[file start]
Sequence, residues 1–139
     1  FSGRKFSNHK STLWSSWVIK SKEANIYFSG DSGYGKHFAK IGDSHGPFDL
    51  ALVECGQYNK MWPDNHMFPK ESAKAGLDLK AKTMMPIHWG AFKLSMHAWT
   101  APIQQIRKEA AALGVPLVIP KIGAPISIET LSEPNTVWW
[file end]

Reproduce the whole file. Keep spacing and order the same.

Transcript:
Sequence, residues 1–139
     1  FSGRKFSNHK STLWSSWVIK SKEANIYFSG DSGYGKHFAK IGDSHGPFDL
    51  ALVECGQYNK MWPDNHMFPK ESAKAGLDLK AKTMMPIHWG AFKLSMHAWT
   101  APIQQIRKEA AALGVPLVIP KIGAPISIET LSEPNTVWW